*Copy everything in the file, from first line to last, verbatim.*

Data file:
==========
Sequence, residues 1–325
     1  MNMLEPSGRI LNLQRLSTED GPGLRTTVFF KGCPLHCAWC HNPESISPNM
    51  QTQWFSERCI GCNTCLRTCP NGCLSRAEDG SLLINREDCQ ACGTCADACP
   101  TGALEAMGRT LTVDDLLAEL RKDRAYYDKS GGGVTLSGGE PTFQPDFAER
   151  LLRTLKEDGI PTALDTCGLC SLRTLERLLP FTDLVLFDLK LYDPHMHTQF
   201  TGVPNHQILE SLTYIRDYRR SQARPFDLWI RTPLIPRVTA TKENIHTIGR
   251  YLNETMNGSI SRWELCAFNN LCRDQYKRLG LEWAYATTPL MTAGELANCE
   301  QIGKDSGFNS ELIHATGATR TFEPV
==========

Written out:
Sequence, residues 1–325
     1  MNMLEPSGRI LNLQRLSTED GPGLRTTVFF KGCPLHCAWC HNPESISPNM
    51  QTQWFSERCI GCNTCLRTCP NGCLSRAEDG SLLINREDCQ ACGTCADACP
   101  TGALEAMGRT LTVDDLLAEL RKDRAYYDKS GGGVTLSGGE PTFQPDFAER
   151  LLRTLKEDGI PTALDTCGLC SLRTLERLLP FTDLVLFDLK LYDPHMHTQF
   201  TGVPNHQILE SLTYIRDYRR SQARPFDLWI RTPLIPRVTA TKENIHTIGR
   251  YLNETMNGSI SRWELCAFNN LCRDQYKRLG LEWAYATTPL MTAGELANCE
   301  QIGKDSGFNS ELIHATGATR TFEPV